Panasonic TX-L32D28BP
The purple tinged frame may not suit all tastes so be sure to check it out before you buy

Sharp tx-l32d28bp

Though we're pleased that Panasonic has turned its undoubted engineering know-how to LED tech, the TX-L32D28BP's embracing of Edge LED is technically something of a cop-out. 'Local dimming' (as found on higher-spec Full LED TVs) is therefore impossible – and it shows in the TX-L32D28BP's troublesome contrast.

Although hardly a terminal issue, the detail within dark areas of images takes on a 'black hole' look – though we did notice some light seepage from a portion of the bottom of the screen. Contrast isn't up there with (much cheaper) plasmas from the same brand's stable, and it leaves us asking why Panasonic doesn't make 32-inch plasmas (LG managed it with some success a couple of years ago).

Deep contrast

But this LED still manages a relatively wide contrast spectrum that sees both muted and bright footage dealt with well, with the former boasting splendidly scorching colours.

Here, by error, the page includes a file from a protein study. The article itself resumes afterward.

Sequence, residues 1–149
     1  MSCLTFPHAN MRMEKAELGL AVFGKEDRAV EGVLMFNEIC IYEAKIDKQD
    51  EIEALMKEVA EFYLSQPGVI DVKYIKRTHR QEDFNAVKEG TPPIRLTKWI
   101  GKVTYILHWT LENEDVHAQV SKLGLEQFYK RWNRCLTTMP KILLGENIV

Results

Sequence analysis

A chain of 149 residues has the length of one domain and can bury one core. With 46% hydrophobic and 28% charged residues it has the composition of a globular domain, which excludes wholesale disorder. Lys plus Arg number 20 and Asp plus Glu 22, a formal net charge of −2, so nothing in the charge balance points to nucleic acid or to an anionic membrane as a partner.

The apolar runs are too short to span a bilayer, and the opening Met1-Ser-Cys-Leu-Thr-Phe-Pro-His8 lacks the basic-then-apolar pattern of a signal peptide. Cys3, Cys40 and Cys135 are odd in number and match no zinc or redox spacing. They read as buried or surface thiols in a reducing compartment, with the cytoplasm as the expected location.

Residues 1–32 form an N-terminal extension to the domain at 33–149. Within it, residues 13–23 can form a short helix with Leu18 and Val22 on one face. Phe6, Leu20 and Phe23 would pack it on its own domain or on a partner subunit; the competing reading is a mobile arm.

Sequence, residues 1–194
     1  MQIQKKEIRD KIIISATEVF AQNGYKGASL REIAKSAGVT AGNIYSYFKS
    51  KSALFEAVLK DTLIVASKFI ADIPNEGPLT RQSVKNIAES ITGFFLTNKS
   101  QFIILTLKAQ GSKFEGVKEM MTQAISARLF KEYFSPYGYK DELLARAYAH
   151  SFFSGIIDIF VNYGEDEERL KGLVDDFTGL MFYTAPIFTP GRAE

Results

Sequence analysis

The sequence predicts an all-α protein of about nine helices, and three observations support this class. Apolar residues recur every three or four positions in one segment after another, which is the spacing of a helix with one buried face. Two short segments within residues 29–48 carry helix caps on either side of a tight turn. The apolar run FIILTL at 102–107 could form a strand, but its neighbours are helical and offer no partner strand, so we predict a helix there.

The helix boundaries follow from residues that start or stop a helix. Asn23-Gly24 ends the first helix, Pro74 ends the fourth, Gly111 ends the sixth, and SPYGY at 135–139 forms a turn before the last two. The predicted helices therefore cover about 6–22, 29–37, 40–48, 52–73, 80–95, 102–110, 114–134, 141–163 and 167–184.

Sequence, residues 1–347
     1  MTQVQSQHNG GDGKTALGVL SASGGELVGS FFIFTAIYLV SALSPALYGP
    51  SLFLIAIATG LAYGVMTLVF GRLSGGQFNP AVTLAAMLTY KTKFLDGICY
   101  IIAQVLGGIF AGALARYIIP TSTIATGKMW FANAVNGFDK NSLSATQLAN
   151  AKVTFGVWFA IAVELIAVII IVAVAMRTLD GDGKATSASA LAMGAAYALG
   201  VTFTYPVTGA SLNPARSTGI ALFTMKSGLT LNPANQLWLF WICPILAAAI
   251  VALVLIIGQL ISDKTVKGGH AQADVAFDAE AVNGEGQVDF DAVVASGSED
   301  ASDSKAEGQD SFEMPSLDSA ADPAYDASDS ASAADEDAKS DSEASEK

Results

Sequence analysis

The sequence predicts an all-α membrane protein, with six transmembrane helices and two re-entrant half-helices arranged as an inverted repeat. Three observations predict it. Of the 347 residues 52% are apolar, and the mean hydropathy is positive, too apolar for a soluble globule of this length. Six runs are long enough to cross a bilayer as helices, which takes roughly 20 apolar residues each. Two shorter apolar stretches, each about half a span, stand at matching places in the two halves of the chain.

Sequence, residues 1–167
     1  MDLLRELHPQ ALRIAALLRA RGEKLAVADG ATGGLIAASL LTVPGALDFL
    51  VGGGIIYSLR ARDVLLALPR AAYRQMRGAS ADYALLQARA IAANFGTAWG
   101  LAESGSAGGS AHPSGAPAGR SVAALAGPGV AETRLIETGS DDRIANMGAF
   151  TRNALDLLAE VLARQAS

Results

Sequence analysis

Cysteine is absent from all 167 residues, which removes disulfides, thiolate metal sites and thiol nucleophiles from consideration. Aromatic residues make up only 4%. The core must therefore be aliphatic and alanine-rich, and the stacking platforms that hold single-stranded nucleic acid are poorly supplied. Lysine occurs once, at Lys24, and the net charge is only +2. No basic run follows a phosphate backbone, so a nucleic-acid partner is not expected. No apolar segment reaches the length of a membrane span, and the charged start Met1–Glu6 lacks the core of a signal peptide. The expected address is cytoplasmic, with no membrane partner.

Choose True Cinema – a new picture preset for Panasonic that puts its LED lights on low – and films on Blu-ray sparkle, though its more basic Cinema setting is better with blacks. With little picture processing going on behind, a clean and highly detailed image emerges that's got stacks of depth.

What the TX-L32D28BP can struggle with is motion (particularly on camera pans), but be careful if using the 'cure', its Intelligent Frame Creation Pro feature. Included to literally smooth-over LCD tech's traditional problem with blur when showing video, IFC Pro inserts guessed-at frames of video into the action to create a moving image that's supremely fluid.

The drawback, unfortunately – and Panasonic TVs are in no way unique in this – is that a lot of fizzying artefacts appear around moving objects, such as character's heads. It can be quite distracting, so if you fancy giving IFC Pro a go, do leave it on its 'mid' setting for the least messy results.

Pictures from DVD are supposedly given a helping hand by Resolution Enhancer, which is again available in two strengths. Standard-def TV channels from Freeview and Freesat, meanwhile, do struggle to convince and are blighted by a great deal of digital noise and overt softness, despite the Resolution Enhancer working overtime.